Not long after being forcibly removed the BBC and its insanely popular car show Top Gear, Jeremy Clarkson, Richard Hammond, and James May, along with their producer and apparently most of the behind-the-scenes talent, started a new show of the same ilk on Amazon Prime called The Grand Tour. It takes all of the crazy stunts, wacky humour, and lavish production of its predecessor and ramps it up, making it all that bit grander.
But you probably don’t need us to tell you this: you likely already know. And if you don’t, we’re going to just put this out there and say this companion game might not be for you. And if you don’t like the show, then it’s definitely not the game for you. We’ve spent the last few days playing through the opening sections of this rather novel new gaming experience courtesy of Amazon Game Studios, and we’re not entirely sure what to think.
Here’s how it works. As of now, we have one episode from each of seasons one and two, plus a single episode from the new third season. You pick your episode, begin watching, and as the episode turns into driving, it seamlessly switches to gameplay. The locales are reasonably well designed, although you’re often only driving down limited stretches of scenery. Essentially, you’re watching the show but taking control in intermittent bursts when the presenters hop into their cars. It ultimately amounts to a series of mini games. As season three of the show progresses a new episode in the game unlocks weekly in line with the TV show.
Of course, what this means is that you’ll be watching the majority of the episodes twice – once on TV and then again here with a couple of small intersections of gameplay. You’re unlikely to want to switch from the beautiful streamed version of the show exclusively for these heavily compressed clips – especially if you’re lucky enough to have a 4K HDR TV, as you’ll find no such flourishes here. It’s a cheap little addition and costs just £11.99 in the UK, and we venture to say it’s purely for real fans who want to eke out a little more from the show.
In terms of gameplay, it feels decent enough. There’s not a whole lot of differentiation between most of the cars, which is a shame considering you are often asked to repeat sections of the game with each of the presenters in their respective cars. But it feels mostly in line with what you would expect from an arcade racer such as Need for Speed. It’s fast, frantic, forgiving.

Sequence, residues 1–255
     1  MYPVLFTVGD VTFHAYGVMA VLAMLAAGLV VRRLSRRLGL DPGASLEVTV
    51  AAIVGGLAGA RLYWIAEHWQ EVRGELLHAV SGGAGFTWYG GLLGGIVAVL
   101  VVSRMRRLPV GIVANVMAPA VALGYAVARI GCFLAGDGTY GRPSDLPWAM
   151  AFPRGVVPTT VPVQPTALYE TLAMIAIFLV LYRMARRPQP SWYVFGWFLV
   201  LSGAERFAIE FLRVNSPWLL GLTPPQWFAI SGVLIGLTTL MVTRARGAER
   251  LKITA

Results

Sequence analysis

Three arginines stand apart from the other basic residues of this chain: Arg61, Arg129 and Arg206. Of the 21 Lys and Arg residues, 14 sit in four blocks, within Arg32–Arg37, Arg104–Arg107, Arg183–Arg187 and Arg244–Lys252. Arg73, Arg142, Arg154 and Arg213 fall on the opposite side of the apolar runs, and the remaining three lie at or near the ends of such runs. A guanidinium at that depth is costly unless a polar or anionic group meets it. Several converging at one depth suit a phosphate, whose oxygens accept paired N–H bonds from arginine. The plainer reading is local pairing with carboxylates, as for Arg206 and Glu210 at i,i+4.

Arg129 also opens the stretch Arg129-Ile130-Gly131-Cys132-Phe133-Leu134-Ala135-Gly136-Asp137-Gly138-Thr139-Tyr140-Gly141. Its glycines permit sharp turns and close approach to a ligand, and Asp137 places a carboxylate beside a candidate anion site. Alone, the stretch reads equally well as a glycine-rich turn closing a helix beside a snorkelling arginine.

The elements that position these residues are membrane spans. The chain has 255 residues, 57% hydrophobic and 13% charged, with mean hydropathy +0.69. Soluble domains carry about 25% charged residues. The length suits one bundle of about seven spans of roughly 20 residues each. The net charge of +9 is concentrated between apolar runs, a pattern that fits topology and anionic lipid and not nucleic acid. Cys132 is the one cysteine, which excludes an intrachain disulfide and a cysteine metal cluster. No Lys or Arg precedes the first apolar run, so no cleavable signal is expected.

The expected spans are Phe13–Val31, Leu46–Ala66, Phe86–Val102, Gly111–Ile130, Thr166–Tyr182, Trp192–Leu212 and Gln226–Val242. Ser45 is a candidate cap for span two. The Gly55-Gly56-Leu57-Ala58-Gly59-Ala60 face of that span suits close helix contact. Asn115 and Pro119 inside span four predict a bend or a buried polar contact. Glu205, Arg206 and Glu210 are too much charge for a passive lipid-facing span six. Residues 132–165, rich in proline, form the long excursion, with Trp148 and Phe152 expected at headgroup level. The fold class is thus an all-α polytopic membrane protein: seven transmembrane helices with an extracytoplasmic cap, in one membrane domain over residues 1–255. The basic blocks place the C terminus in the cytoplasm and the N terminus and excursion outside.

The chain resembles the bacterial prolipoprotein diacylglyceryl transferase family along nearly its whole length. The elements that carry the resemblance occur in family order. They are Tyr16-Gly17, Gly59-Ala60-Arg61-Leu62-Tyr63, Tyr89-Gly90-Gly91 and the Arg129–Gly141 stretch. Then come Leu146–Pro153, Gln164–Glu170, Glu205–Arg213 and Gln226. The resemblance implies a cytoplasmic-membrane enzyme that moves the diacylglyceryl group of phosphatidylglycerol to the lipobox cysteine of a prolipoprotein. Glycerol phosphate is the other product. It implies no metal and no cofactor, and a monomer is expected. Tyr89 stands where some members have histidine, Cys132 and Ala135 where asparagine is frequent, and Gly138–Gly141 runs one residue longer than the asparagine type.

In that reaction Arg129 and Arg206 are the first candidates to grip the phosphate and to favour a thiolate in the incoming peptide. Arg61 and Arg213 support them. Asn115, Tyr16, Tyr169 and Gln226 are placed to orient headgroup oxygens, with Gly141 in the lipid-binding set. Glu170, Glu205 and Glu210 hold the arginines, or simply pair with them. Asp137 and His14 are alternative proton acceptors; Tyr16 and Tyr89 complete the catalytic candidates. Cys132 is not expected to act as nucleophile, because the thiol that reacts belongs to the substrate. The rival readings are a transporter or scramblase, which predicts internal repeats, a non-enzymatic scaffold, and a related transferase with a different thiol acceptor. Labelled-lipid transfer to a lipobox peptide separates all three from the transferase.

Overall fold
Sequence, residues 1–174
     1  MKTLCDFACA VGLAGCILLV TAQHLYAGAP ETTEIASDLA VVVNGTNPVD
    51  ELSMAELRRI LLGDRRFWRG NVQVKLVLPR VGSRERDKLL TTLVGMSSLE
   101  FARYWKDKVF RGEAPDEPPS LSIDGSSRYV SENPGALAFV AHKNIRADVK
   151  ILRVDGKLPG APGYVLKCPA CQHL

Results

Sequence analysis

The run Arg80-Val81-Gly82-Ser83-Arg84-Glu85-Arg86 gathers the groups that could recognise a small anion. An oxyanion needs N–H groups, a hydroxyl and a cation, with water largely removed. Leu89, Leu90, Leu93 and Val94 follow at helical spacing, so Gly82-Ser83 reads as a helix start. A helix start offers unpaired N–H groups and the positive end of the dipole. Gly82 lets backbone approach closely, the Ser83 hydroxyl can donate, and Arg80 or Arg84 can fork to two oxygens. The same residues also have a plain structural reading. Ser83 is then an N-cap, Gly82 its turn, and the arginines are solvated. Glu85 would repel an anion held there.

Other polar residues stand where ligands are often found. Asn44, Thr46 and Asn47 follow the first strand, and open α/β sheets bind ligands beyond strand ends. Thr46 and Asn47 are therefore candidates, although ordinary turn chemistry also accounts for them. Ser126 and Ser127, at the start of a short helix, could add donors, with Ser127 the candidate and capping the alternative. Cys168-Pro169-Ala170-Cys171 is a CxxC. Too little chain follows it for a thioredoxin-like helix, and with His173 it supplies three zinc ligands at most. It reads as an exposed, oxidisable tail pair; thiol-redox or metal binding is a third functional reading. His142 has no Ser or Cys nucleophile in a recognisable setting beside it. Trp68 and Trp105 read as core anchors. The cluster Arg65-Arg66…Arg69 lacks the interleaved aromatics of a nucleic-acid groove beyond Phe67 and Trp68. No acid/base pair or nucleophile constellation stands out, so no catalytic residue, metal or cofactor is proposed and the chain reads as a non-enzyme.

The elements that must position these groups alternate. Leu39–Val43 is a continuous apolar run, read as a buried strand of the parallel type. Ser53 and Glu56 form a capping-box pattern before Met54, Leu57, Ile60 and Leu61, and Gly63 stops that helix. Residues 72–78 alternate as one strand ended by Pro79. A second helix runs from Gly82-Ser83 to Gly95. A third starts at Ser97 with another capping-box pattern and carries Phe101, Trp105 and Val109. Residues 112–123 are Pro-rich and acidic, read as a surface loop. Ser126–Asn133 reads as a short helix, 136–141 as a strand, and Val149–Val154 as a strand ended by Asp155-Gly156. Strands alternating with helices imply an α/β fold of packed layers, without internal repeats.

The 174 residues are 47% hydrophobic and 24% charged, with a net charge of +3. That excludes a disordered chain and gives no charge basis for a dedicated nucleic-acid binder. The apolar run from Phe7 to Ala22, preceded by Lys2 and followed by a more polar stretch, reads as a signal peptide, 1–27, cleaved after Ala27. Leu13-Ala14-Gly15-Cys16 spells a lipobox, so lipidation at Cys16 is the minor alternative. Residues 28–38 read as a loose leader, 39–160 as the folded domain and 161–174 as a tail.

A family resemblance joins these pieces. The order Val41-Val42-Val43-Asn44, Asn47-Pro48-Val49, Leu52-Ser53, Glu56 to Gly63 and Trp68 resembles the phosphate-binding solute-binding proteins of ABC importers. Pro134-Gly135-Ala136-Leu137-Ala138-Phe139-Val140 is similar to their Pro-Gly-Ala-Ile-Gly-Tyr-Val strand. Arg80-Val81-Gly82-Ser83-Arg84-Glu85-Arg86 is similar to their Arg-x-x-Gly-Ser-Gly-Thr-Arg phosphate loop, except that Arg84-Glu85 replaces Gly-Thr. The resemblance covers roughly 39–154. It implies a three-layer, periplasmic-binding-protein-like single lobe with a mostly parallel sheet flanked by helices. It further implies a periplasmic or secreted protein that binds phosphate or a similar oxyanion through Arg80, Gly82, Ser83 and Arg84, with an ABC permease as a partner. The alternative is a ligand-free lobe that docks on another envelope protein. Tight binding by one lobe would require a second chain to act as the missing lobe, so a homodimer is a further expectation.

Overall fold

Each of the presenters shout out their trademark catchphrases as you play, so it at least sounds right, even if the audio mix is quite bad (they clearly just cut the lines from the show and stuck them in here). Like the show it’s also annoying at times – sometimes charmingly so, anyone who enjoys this trio will know what we mean, but it often gets lost in translation from screen to controller. When they play pranks on one another in the show it has a very different impact than when they send you text messages that sprawl across the screen to try and interfere with your lap time in the game.
The Grand Tour Game is a strange beast that’s quite unlike anything else we’ve played. It’s by no means a complete game and is a hard thing to evaluate. We’ll be reviewing the title further down the line once the third season of the show is over. What we will say, however, is that it’s at least interesting and a novel experiment in the sudden shift towards interactive TV. We’re at the very least intrigued to see how this one pans out.
What are your thoughts on The Grand Tour Game thus far? Are you impressed by this unique approach to episodic gaming, or baffled by it? Put your foot down in the comments section below.